Recognize and eliminate giant hogweed
Giant Hogweed is an invasive and exotic plant toxic. It presents a risk to health and the environment.
In humans, contact with the sap of giant hogweed, combined with exposure to light (natural or artificial ultraviolet light) causes damage to the skin. These lesions are similar to burns. Furthermore, when this plant grows in a medium, it spreads rapidly and affects the growth of other plants that are already growing.
Presence of giant hogweed
Giant hogweed has appeared in Quebec in 1990. To date, it has been observed in several areas:
Giant hogweed grows in moist and cool backgrounds, such as:
Recognize giant hogweed
It is important to know how to identify giant hogweed to avoid possible contact with this plant. Giant hogweed has the following features:
Source: DSP Capitale-Nationale
Dimensions of the plant adults:
Underside of leaves:
Distinguish giant hogweed and cow parsnip, or large rocks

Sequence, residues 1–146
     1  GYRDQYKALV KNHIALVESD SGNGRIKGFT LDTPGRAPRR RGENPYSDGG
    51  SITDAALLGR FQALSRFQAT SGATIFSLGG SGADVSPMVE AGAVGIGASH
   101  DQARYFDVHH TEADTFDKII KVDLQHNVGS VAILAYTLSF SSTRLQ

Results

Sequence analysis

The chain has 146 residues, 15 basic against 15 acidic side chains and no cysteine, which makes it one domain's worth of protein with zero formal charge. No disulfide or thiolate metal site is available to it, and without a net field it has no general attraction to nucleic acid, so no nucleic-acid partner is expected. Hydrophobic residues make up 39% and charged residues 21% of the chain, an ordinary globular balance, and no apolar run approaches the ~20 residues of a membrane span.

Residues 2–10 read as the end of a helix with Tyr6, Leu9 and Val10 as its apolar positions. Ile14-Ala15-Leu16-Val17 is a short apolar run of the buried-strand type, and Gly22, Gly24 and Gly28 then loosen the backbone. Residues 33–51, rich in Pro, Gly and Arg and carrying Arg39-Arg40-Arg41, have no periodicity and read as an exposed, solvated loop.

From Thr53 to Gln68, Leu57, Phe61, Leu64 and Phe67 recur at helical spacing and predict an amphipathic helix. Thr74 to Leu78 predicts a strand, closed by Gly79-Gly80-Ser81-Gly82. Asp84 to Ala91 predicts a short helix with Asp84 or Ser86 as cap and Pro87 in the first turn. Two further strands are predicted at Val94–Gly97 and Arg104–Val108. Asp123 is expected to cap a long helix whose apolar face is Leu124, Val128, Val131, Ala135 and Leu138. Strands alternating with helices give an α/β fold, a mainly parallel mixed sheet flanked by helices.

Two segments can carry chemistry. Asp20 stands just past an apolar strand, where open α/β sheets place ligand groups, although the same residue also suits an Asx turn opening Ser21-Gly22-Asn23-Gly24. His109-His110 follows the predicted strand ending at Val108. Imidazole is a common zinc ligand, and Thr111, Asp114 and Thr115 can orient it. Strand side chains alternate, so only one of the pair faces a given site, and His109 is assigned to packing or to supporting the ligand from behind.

It is important not to confuse giant hogweed with cow parsnip.
The cow parsnip, also called large rocks, much like the giant hogweed. However, cow parsnip is not invasive. It poses no risk to the environment.
Source: MAPAQ. Click on images to enlarge.
Recognize the damage caused by the giant hogweed
The sap of the hogweed contains toxic substances that are activated by the sun’s rays and also by the artificial UV rays. Exposure to light causes inflammation of the skin that came into contact with the sap of giant hogweed. This inflammation is characterized by:
To know the steps to take if your skin has come in contact with the sap of this plant, see Treatments section of the page Burns from giant hogweed.
Eliminate the giant hogweed
Given the harmful effects of giant hogweed on the environment and health, it is very important to prevent the plant from spreading.
So avoid the sow, to plant, to multiply or transported.
Before taking measures against giant hogweed, however, you must take care:
If you must handle giant hogweed, protect yourself properly:
Fight against giant hogweed
Call HealthLink 811:
Contact your municipality or the Ministry of Environment and the Fight against Climate Change at 1 800 561-1616: